Spain's Budget Minister Cristóbal Montoro. (Efe)
Spain’s local and regional governments will not only have to cut salaries for public employees, it will also have to reduce the workforce considerably, as the public sector needs to be scaled down "forcefully," according to Elvira Rodríguez, president of the parliamentary commission on economy and deputy for the governing centre-right Popular party.
The local governments in Spain’s 17 autonomous regions and over 8,000 municipalities bear much responsibility for the imbalances in the public accounts and they must undertake major budget cuts in order to reduce Spain’s high budget deficit – 8.9 percent in 2011 – and to get the country’s economy in order.
According to the national census, the public sector employs over 3.1 million people, out of which 2.1 million are so-called funcionarios, civil servants in local, regional and central governments who have entered their positions only after having passed competitive exams. They are guaranteed life-time employments, which means they will not be affected by the dismissals.
The remaining 30 percent of the public employees, a total of about 1 million people, risk being dismissed at any time. The government spends €123bn every year on these positions.
Worst for employees in municipalities
The situation is most difficult for those who are employed by the municipalities. According to government statistics, one in five among public employees work for the 8,116 local administrations in Spain’s cities and villages, a total of almost 647,000 people.
Among them, about 60 percent don’t have a contract that protects them from so-called ‘ERE’s, a collective termination of employment for a group of employees, allowed when the employer is under economic restrains.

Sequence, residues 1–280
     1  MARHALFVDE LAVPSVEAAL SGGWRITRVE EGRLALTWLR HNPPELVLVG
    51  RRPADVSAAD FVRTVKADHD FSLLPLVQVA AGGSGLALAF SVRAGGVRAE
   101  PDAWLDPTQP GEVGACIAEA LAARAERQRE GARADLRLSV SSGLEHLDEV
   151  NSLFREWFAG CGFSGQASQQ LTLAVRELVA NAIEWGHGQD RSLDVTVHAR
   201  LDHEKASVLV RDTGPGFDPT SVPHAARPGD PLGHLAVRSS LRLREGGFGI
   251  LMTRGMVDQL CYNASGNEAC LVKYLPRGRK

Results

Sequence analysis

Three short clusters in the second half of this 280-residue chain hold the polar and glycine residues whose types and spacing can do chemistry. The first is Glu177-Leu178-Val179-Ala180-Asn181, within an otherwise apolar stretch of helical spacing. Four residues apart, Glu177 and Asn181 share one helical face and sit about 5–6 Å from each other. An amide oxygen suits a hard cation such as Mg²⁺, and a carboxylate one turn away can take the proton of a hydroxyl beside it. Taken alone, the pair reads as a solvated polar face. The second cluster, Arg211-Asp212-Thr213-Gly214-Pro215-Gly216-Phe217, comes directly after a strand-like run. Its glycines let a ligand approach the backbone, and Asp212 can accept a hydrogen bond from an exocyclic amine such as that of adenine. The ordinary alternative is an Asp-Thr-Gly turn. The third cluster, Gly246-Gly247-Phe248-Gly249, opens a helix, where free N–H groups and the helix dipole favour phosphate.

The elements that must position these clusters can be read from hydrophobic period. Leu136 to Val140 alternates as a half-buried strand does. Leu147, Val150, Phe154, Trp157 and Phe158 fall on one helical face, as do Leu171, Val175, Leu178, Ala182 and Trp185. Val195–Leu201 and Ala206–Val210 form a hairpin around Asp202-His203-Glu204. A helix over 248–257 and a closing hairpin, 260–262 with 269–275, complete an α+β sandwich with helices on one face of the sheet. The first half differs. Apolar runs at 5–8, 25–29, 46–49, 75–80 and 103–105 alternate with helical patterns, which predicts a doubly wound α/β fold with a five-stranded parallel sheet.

Budget Minister Cristóbal Montoro has mentioned the possibility of layoffs in the public sector for months.
“The public administrations are not employment offices,” he said. “The public employees must earn their position, just like any other Spaniard.”
'Safer' in central government and regions
Among those working for the central government, 80 percent can remain calm. Out of about 593,000 employees, only about 124,000 have temporary contracts that can be terminated.
The number of ‘safe’ employments are even higher in the autonomous regions, where only 150,000 out of 913,000 public employees are on temporary contracts that can be terminated.
The jobs in the public sector that should disappear are those that are not for ‘career civil servants,’ or funcionarios, according to Antonio Beteta, State Secretary at the Ministry for the Treasury.
“[These are] public jobs that are normally peripheric” he said referring to a large number of public positions that were established during the economic boom. “Their employees are not funcionarios but they are still public employees, but there is nothing else that can be done.”
Six hundred new companies in three years
Until now, when PP deputy Rodríguez said a public sector that has grown by 440,000 employees during the last 10 years is unsustainable, the recession seems to have been ignored by the public employer.
In fact, between 2007 and 2010, the autonomous regions created 600 new companies run by the region, generating “important growth” for the public sector and adding up to a total of 2,292 entities dependant on the regional governments by mid-year in 2011, whose employees are paid from the public accounts.
The government’s plan to reduce spending in the public sector is still being elaborated and the details are not known yet. The plan is expected to be approved by the end of July.
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